Since it is quite common for manufacturers of exotic equipment to just drop in something modest in a shiny box and add $3500 to the price I would hesitate to expect as a general rule a strong correlation between price and quality, the laws of physics are indifferent to price tags and circuit design more important to quality.
 
the other problem is that again there is no proof that a product with 50ps of jitter can be discerned by human ears from a product with 120ps of jitter. I don't think they can.
 
There is no reliable evidence to suggest that when the only variable altered is jitter that any difference in jitter magnitude below absurd levels will be noticed. There is much chat about how difficult it is to measure jitter correctly, how to characterize it and where to measure it and so on and some commentators such as Bob Adams (Analog Devices) suggests why bother as jitter will appear in downstream distortions such as IMD. High Jitter is generally correlated with high IMD. We can't agree on what type/format is more common or more damaging or on how and where to measure it and on the utility of tests of jitter audibility but we still know somewhow magically that it is a big problem, but we cannot back this up with any reliable listening tests showing that it is a problem, makes me wonder why we worry about it at all
confused.gif

 
 

 

 
Nov 24, 2010 at 5:56 PM Post #139 of 166

Bianci1969

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Hello Bmac-
 
To quote the Well Tempered Computer..."

Synchronous

The clock is directly derived from the 1 kHz frame rate. There is a PLL that takes in the start of frame signal and generates a clock. Using this scheme its rather difficult to generate 44.1, but very easy to generate 48 kHz. This is a primary reason why many early USB audio devices only supports 48 kHz, they used this mode"
 
I guess it's not impossible, but impractical. If you could, tell me what USB dac's are running synchronous usb at 44.1khz. I'm not aware of any.
 
Bianci
 
Nov 26, 2010 at 7:55 PM Post #141 of 166

Bianci1969

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if you divide 12MHz by 44.1kHz you get 11.2896...MHz. So why bother using synchronous when the clock rate vs the standard sampling rate of 44.1kHz are not mathematically compatible? 48Khz is nice and tidy for synchronous but why bother implementing this format if 99.999999999999999999999999999999999% of all music sold is 44.1?
 
I didn't see any mention of what type of USB interface Nuforce uses on this piece. But if the measurements from a recent CD player review are any indication of their engineering abilities I'll pass...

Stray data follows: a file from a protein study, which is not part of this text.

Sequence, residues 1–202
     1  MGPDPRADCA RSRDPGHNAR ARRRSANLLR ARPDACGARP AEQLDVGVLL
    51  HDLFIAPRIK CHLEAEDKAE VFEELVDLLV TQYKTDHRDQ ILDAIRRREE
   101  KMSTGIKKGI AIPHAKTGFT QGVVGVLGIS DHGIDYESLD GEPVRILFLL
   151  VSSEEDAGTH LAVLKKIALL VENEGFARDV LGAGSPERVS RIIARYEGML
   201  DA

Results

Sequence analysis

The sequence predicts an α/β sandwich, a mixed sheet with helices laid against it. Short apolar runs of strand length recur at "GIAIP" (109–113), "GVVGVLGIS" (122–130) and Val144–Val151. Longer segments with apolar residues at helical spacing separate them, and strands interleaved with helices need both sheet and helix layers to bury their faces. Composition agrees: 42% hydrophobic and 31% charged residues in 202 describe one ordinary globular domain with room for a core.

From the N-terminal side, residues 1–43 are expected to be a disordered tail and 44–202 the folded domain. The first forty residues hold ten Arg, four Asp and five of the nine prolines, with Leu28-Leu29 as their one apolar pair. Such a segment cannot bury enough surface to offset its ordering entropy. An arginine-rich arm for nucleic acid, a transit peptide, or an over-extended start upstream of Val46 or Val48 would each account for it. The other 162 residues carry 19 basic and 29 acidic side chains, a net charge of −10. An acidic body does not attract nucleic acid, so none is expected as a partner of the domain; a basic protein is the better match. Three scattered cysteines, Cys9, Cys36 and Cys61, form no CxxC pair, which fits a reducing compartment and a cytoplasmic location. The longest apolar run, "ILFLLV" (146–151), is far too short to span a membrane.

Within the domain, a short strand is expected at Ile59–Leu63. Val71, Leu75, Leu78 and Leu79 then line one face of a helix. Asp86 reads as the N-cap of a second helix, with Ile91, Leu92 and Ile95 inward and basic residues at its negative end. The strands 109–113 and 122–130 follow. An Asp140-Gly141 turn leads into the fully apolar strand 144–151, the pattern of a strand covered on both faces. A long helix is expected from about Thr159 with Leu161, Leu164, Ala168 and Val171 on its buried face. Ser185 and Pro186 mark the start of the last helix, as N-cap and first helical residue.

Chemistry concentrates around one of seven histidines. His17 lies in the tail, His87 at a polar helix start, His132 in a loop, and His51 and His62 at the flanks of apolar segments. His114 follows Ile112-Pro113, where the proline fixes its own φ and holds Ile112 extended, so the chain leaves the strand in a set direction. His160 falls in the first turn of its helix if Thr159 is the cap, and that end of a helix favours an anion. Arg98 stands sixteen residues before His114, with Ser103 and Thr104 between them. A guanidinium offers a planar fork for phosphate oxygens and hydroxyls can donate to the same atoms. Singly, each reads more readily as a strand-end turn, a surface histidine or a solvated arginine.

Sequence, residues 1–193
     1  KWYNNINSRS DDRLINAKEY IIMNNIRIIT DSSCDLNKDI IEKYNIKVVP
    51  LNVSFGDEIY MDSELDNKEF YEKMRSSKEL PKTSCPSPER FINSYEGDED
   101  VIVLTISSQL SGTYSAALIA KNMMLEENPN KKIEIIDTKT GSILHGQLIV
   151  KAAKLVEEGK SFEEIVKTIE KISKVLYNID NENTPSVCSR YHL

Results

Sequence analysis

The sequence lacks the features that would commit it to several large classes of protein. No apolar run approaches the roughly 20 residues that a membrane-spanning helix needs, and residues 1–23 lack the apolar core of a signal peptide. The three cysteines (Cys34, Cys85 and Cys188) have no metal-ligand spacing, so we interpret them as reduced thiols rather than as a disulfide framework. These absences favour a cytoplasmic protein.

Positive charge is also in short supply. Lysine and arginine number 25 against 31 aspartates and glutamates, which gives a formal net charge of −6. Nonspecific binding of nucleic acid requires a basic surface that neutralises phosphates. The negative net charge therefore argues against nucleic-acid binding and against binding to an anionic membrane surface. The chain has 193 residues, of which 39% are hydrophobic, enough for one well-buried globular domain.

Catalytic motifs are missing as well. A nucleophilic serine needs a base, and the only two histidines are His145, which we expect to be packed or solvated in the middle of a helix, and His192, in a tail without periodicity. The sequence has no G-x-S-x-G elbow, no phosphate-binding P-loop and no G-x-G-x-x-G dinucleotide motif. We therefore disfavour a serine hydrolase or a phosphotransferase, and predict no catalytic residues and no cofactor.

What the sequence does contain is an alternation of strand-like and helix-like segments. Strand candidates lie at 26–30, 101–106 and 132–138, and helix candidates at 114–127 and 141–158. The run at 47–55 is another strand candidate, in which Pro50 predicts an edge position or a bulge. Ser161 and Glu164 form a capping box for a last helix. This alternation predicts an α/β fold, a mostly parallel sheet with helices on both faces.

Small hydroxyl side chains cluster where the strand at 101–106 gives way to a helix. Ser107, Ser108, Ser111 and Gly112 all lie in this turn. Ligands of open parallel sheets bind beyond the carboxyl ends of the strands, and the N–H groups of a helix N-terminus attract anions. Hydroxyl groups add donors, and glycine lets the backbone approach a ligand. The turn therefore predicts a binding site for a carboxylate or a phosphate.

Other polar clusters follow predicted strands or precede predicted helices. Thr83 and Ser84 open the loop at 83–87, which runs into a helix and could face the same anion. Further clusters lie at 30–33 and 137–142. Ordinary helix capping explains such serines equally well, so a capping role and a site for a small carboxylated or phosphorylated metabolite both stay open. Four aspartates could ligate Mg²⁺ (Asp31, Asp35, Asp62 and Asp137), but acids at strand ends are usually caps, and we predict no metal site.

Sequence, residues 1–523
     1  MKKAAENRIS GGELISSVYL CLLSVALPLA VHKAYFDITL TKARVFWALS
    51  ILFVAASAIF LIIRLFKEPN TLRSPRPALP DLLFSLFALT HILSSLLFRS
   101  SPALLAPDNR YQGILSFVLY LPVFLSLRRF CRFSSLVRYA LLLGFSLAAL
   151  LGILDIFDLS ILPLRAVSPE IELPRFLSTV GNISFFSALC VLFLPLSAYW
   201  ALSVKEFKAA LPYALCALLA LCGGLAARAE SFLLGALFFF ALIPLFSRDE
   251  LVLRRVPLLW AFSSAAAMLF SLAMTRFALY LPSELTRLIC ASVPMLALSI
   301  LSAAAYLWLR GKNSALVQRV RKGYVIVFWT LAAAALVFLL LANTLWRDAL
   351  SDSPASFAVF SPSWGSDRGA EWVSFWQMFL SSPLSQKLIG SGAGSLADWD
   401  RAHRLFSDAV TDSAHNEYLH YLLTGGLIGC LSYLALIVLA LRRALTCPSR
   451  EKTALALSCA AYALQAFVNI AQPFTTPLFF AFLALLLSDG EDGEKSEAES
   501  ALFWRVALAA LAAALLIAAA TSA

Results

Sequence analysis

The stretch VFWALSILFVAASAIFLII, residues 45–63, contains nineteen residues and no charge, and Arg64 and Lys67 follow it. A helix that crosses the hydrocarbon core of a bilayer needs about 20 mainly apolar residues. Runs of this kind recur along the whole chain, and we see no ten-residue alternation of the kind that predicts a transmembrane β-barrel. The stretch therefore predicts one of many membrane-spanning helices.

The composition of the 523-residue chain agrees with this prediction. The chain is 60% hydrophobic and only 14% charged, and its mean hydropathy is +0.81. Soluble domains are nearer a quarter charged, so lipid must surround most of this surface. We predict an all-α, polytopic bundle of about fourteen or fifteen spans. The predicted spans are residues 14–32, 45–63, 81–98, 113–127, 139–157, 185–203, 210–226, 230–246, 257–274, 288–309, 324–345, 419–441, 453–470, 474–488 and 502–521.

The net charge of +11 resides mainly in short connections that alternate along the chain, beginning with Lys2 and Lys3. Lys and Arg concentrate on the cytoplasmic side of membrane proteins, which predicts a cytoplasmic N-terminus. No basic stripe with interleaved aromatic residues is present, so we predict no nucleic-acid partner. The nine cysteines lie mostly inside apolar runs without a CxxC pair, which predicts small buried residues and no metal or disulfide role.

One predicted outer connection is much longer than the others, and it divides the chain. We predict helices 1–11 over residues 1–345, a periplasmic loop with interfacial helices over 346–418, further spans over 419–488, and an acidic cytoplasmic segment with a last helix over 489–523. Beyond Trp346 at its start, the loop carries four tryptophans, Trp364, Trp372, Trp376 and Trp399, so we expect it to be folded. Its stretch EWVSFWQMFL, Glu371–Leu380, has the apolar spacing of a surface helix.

"This is one of the highest levels of jitter I have measured, and about 20 times higher than in the best products I have measured." - Atkinson
 
http://stereophile.com/content/nuforce-cdp-8-cd-player-measurements
 
Nov 26, 2010 at 9:24 PM Post #142 of 166

nick_charles

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Quote:
 
But if the measurements from a recent CD player review are any indication of their engineering abilities I'll pass...
 
"This is one of the highest levels of jitter I have measured, and about 20 times higher than in the best products I have measured." - Atkinson
 
http://stereophile.com/content/nuforce-cdp-8-cd-player-measurements


that is a lot of jitter...and yet the listening reviewer thought it was a good CD player, either it is another one of Stereophile's many deaf reviewers or ...perhaps jitter just does not make that much diffference ?
 
 
Nov 26, 2010 at 10:04 PM Post #143 of 166

HeadphoneAddict

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that is a lot of jitter...and yet the listening reviewer thought it was a good CD player, either it is another one of Stereophile's many deaf reviewers or ...perhaps jitter just does not make that much diffference ?
 





I have a CDP-8 which sounds better than my Apoge mini-DAC. Nuforce found the cause of the jitter and fixed it for future shipments, and offers the fix to current owners. I'll send mine in for the update; but apparently low frequency jitter is harder to hear and doesn't wreck the sound. Everyone who heard mine at RMAF was impressed with it.
 
Nov 27, 2010 at 7:10 PM Post #144 of 166

mgoodman

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@ CHanson,
 
Chris - You need to stop accusing me of falsehood and instead re-read your own argument: "(if all else is equal) that an asynchronous DAC will have lower jitter than an adaptive DAC".